Amy Savage (Ph.D. 2010, Epidemiology and Public Health) runs the Citizen Science Program at Bard College. It is an intensive academic session held in January, between semesters. The program teaches nearly 500 freshmen how scientists think and what they do, with the goal of producing informed citizens. To make that happen, Savage coordinates a team of 25-30 Ph.D.-level faculty members plus staff and student workers.
According to Bard’s president, Leon Botstein, “This required program is designed to give all students the tools, attitudes, and motivation to use science and mathematics concepts in their daily lives — going beyond simple literacy to the development of critical abilities in these subjects.”
It’s a dream job for Savage. “From recruiting the best young scientist-educators in the country to developing impactful pedagogy and mentoring undergraduate teaching fellows and interns, each aspect of the program is carefully crafted to provide a rigorous but engaging experience for the first-year students,” she says. “I really enjoy communicating the joy I receive from my work to college students, dispelling their misconceptions, and letting them see why I find scientific inquiry beautiful. But more importantly, there are tough decisions that we will need to make that have a scientific dimension. This program is intended to develop skills that will help students become critical consumers of scientific claims. I am thrilled to be a part of shaping such an important program.”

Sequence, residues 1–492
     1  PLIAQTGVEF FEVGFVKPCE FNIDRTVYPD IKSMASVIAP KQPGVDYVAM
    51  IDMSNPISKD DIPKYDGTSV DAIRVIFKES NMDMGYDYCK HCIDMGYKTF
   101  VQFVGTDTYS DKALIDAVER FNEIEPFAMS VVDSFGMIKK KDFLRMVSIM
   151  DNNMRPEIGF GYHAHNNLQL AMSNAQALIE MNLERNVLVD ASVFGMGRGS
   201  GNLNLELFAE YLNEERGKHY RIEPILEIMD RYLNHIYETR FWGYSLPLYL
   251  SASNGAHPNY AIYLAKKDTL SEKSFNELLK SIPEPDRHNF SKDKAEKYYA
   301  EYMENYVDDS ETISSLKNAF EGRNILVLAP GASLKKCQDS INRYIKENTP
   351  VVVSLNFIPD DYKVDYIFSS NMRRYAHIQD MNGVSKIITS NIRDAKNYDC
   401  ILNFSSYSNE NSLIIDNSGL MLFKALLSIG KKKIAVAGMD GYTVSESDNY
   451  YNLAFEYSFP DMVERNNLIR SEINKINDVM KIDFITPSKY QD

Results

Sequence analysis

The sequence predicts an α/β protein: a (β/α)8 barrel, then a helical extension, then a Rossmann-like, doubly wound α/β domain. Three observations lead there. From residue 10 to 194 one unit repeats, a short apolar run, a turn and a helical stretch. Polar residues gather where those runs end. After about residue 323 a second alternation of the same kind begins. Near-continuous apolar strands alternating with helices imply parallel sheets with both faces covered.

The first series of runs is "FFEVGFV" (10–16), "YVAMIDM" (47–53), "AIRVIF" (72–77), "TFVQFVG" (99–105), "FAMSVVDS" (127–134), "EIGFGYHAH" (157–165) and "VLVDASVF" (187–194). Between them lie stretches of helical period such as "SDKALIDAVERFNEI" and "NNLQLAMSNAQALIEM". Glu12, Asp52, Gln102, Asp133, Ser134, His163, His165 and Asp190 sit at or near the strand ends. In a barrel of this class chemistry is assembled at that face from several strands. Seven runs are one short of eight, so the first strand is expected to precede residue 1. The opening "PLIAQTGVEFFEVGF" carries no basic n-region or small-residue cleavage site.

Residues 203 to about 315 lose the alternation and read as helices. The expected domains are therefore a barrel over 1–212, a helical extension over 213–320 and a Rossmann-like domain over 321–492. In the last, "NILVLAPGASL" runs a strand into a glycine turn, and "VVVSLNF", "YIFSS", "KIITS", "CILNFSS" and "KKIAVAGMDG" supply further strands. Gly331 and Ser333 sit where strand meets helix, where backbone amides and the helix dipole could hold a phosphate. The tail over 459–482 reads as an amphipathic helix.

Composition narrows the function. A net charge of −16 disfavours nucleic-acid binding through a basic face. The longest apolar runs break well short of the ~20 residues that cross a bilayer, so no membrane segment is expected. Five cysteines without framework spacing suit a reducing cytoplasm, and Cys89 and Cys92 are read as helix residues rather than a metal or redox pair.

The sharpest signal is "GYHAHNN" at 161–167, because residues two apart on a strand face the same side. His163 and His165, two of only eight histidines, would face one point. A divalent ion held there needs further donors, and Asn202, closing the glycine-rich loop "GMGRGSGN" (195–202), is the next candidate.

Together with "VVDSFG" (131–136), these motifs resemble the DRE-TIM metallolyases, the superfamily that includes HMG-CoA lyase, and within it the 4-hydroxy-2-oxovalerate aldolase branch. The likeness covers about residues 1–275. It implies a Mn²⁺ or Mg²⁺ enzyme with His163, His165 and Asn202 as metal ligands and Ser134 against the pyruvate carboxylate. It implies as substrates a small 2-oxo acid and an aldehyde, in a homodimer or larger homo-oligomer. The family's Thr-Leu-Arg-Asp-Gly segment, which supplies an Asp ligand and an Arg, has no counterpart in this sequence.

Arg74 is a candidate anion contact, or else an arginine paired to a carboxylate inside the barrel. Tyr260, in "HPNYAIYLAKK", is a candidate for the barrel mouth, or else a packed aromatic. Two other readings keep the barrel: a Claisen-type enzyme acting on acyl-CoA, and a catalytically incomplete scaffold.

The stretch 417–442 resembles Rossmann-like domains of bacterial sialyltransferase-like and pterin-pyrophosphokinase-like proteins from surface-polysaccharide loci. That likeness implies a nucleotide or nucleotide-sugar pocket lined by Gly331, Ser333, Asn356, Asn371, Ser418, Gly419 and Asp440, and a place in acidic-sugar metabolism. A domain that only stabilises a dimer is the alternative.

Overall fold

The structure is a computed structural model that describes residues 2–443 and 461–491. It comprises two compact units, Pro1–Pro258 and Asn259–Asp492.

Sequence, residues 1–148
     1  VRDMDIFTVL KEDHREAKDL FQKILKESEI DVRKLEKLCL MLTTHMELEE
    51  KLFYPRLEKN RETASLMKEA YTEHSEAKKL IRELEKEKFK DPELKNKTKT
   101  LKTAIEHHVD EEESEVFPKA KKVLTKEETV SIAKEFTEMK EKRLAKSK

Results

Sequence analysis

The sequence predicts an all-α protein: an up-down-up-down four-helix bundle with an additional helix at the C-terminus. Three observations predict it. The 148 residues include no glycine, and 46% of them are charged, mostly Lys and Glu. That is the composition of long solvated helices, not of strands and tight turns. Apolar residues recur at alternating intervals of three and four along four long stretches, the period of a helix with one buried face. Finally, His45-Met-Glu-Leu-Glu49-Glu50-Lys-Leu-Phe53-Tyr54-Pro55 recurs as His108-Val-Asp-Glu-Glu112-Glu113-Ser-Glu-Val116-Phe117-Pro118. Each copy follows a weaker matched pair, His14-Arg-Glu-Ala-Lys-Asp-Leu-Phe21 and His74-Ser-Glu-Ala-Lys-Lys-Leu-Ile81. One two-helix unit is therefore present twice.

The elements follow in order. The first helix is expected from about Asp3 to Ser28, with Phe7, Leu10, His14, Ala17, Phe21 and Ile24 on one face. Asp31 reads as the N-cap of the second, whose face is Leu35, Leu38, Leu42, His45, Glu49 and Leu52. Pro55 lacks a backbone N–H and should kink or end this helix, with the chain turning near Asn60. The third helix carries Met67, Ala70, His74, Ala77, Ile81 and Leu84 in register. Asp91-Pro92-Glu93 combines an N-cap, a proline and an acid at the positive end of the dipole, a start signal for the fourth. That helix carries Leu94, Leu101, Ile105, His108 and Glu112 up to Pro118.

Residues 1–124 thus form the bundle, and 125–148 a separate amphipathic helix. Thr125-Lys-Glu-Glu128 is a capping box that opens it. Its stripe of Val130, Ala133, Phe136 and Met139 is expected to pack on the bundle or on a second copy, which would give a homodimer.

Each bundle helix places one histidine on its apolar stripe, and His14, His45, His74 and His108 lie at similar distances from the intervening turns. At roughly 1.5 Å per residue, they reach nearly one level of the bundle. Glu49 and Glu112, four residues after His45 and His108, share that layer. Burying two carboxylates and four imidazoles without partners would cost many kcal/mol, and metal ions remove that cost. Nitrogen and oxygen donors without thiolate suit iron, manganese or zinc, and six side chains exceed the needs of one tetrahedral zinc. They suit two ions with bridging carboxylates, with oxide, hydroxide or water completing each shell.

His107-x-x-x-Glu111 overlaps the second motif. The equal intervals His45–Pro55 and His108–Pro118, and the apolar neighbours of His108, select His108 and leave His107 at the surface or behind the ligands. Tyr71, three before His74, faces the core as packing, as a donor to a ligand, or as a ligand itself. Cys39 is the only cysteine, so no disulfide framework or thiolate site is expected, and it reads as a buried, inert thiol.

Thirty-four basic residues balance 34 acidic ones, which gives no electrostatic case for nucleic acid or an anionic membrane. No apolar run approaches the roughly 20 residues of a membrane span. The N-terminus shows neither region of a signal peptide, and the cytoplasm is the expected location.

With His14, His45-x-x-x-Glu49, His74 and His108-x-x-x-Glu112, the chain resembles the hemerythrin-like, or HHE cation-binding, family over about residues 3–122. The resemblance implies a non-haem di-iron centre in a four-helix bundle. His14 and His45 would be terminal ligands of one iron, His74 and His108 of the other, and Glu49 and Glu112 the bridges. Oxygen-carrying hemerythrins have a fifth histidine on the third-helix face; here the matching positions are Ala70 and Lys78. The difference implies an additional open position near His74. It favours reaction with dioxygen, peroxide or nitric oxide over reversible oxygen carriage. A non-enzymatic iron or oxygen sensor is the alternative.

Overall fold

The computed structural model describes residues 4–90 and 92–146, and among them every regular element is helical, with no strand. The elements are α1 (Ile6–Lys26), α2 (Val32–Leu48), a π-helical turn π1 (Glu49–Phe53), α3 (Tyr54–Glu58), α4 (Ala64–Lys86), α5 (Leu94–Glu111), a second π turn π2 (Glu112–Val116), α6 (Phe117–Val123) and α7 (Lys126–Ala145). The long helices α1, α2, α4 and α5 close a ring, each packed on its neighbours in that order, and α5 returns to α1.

Through lab work, computer modeling and bioinformatics, and problem-based learning, students confront questions like “How can we identify bacteria once we isolate them? What makes bacteria antibiotic resistant? How can we discover the cause of an outbreak? Why are there vaccines for some diseases, but not others?” Students also participate in educational outreach in K-12 schools to develop science communication skills.
Citizen Science requires partnership and close coordination with many offices at Bard, from the Dean of Students to Dining Services. “While my scientific and educational training qualified me for the job on paper, the ability to execute the core responsibilities of this office was a direct result of my time as a McDougal Fellow,” she says.“As a Student Life Fellow, I gained so much valuable experience. For example, I learned every aspect of planning and executing large events — from recruiting community partners to organizing physical space and catering, to developing the intellectual content and social aspects. I learned to manage, mentor, and lead a team to produce high quality programs on a timeline.”
Before coming to Yale for her Ph.D., Savage earned a BS from the University of Connecticut in pathobiology and animal science and a master’s degree from the University of Florida College of Veterinary Medicine, with research on vector-borne parasites of birds. After graduation she applied this training in Hawaii, where avian malaria is driving native honeycreeper species to extinction. Her Yale Ph.D. and postdoctoral work investigated Trypanosoma brucei, a parasite transmitted by the tsetse fly that kills both people and animals in sub-Saharan Africa.